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NEW YORK CITY-Having recently submitted logistical drafts to their respective insurers for renovation cost coverage, tenants at the 15-story, 1.1 million-sf Federal Building, located just north of the World Trade Center site, expect to reoccupy the property early next year. Robert Selsam, senior vice president at Boston Properties, which manages 90 Church St., tells GlobeSt.com that the structure, condemned following the Sept. 11 attacks, “will be in entirely clean condition and ready for tenants by late next spring.” Boston Properties has also submitted a draft for coverage of renovations they are undertaking for the lobbies and elevator shafts in the building.

The building’s three tenants are the New York City Housing Authority, which occupied seven and a half floors; the Legal Aid Society, whose headquarters occupied 150,000 sf on three floors; the US Postal Service, which owns the building and took up six floors. All three are still under lease, Selsam tells GlobeSt.com. NYCHA is insured by Burbank, CA-based Allianz Insurance Co., a subsidiary of European insurance giant Allianz; the Legal Aid Society’s insurer is Stanford, CT-based Hartford Life Inc.; and Boston Properties is covered under Johnson, RI-based FM Global.

An NYCHA spokesman estimates the “total business recovery cost,” including both employee relocation efforts and renovation costs for their space in the Federal Building at $93 million. “As a result of Sept. 11, we’ve had to take a number of measures to relocate the approximately 1,500 employees from that location to our existing space at 250 Broadway in Manhattan, 350 Livingston St. in Brooklyn and our Long Island City facility,” he tells GlobeSt.com. “Additionally, we have sublet nine floors at 90 5th Ave. in Manhattan as part of the accommodation.”

Erected in 1935, the property sustained non-structural damage in the Sept. 11 attacks and was subsequently condemned. “It was a real contamination cocktail,” a Legal Aid Society spokeswoman tells GlobeSt.com. “Mold, fumes from the plane wreckage, part of which punctured the roof of the building, asbestos, mercury and additional heavy metals were all detected and forced us out.”

The Legal Aid Society was largely decentralized following the move, and is now eager to return. “We had originally hoped to move back by the end of 2001, but now our goal is to spend Christmas of 2003 in the Federal Building,” says the spokeswoman. “There is no question that Boston Properties expects to have everything ready by then.” She would not speculate on whether the Legal Aid Society would consider seeking an alternate space if renovations lagged, adding only “during the next few months, we must make some concrete decisions on the future location of our company.”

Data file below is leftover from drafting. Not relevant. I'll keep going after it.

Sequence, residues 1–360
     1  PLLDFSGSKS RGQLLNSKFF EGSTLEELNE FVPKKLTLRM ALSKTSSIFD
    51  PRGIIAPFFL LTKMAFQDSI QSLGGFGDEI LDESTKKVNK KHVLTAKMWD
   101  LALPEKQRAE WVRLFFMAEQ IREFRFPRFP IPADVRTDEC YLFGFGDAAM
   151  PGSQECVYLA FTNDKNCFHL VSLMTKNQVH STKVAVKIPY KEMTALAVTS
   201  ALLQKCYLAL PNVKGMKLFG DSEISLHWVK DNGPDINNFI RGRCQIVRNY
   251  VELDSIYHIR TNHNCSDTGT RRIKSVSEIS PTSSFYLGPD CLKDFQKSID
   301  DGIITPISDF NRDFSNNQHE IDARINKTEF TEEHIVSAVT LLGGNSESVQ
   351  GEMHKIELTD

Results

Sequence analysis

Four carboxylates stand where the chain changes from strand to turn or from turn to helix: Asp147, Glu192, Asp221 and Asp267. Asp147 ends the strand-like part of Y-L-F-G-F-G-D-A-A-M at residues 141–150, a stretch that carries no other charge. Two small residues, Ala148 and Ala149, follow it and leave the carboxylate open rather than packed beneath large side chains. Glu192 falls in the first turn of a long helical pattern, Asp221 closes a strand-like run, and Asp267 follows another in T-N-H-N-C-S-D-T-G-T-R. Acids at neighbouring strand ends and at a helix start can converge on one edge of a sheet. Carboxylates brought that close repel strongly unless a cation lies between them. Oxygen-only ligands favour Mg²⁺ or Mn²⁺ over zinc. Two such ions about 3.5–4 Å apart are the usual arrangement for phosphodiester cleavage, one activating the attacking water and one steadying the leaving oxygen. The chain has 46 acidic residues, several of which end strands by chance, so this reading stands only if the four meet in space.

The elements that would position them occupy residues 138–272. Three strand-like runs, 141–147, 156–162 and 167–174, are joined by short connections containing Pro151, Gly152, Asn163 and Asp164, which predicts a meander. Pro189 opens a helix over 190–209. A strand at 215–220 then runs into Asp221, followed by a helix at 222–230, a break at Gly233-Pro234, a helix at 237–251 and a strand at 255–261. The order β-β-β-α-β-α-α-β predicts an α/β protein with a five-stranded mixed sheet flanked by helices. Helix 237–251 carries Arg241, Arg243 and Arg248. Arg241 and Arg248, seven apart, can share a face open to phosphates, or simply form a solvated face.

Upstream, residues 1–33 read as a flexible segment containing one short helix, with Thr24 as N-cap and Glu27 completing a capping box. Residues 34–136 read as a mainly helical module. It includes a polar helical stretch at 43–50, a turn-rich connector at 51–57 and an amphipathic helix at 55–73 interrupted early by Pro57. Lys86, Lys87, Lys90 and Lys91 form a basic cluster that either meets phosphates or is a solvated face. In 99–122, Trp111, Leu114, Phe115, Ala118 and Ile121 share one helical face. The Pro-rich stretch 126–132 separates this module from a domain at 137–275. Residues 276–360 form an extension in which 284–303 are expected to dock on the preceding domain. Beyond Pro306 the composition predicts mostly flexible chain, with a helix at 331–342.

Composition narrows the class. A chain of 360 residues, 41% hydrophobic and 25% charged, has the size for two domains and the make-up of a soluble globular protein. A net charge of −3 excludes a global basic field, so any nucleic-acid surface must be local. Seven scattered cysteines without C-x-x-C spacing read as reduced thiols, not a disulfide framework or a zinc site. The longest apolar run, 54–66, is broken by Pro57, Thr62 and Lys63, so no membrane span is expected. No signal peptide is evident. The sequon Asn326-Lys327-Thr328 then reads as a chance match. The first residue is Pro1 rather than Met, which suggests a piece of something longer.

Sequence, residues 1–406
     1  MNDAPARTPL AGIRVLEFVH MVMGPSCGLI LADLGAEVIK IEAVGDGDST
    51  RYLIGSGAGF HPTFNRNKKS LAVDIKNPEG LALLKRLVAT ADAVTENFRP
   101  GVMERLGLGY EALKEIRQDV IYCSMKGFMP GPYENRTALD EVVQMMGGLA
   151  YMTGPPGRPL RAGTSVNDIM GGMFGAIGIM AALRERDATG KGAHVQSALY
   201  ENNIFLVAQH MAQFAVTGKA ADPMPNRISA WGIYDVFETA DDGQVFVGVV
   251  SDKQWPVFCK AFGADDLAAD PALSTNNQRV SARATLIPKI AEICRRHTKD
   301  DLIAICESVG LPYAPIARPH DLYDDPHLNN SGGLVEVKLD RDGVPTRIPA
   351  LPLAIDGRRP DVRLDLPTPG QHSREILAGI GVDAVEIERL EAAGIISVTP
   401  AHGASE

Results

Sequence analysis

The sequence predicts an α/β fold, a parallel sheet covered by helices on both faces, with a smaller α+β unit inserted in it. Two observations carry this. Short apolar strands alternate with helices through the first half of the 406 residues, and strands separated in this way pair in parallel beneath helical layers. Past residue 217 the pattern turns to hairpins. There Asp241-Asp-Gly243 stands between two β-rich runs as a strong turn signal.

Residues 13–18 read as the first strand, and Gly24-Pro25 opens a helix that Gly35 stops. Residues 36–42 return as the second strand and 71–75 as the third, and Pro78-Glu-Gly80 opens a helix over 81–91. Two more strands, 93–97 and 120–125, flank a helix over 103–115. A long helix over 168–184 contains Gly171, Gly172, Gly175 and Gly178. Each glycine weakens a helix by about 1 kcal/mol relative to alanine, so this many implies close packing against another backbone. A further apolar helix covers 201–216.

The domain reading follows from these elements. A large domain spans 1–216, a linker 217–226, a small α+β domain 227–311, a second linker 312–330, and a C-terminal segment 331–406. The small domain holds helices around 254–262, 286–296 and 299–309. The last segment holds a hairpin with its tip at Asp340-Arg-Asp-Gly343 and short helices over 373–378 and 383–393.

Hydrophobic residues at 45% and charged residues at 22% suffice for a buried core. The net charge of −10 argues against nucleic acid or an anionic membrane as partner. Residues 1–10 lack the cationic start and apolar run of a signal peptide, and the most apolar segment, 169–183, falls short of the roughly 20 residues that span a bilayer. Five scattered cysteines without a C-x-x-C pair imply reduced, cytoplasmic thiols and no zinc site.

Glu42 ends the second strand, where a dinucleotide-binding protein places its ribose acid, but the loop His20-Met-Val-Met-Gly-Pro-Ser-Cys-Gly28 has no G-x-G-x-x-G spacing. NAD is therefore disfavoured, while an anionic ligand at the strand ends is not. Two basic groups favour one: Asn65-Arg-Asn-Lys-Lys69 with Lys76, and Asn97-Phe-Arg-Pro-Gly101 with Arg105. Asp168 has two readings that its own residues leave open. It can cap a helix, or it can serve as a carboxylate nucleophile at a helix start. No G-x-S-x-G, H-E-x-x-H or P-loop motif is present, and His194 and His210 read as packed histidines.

A US Postal Office spokeswoman tells GlobeSt.com that its letter carrier operations, moved to the James A. Farley Post Office building at 8th Ave. and 33rd Street, should be relocated back to the Federal Building in late 2003. They plan to reoccupy the bottom four floors of the building, although the structuring of employees may change. “We may end up rearranging the furniture as this moves forward, so to speak,” says the spokeswoman. Meanwhile, the Postal Office’s processing facilities have been indefinitely relocated to the Morgan Postal Facility at 9th Ave. and 30th St. following the Federal Building condemnation.

Biding time until its return, the Legal Aid Society this week moved approximately 75 employees in its civil administration division into a 33,000 sf sublease at 199 Water St. for 18 months. They have also signed a similar stint for its central administration employees with a short-term lease signing for 36,000 sf on the 22nd and 28th floors of 1 Battery Park Plaza. “These are short-term deals because we expect to be back in the Federal Building by the time they terminate,” says the spokeswoman.

“It’s safe to assume they are using these short leases to wait until they can safely move back into the Federal Building,” a source close to the Legal Aid signings tells GlobeSt.com. “Until then, all they can do is sit back and hope.”

Bob Tunis, senior executive managing director for GVA Williams, represented the Legal Aid Society in the 199 Water St. lease, while Bob Romano and Bob Brenan represented the sublessor, Prudential Securities. The space became available as a result of Prudential’s ongoing consolidation efforts in the building, Tunis tells GlobeSt.com. GVA Willams is also currently marketing another 60,000 sf of Prudential space in that building.

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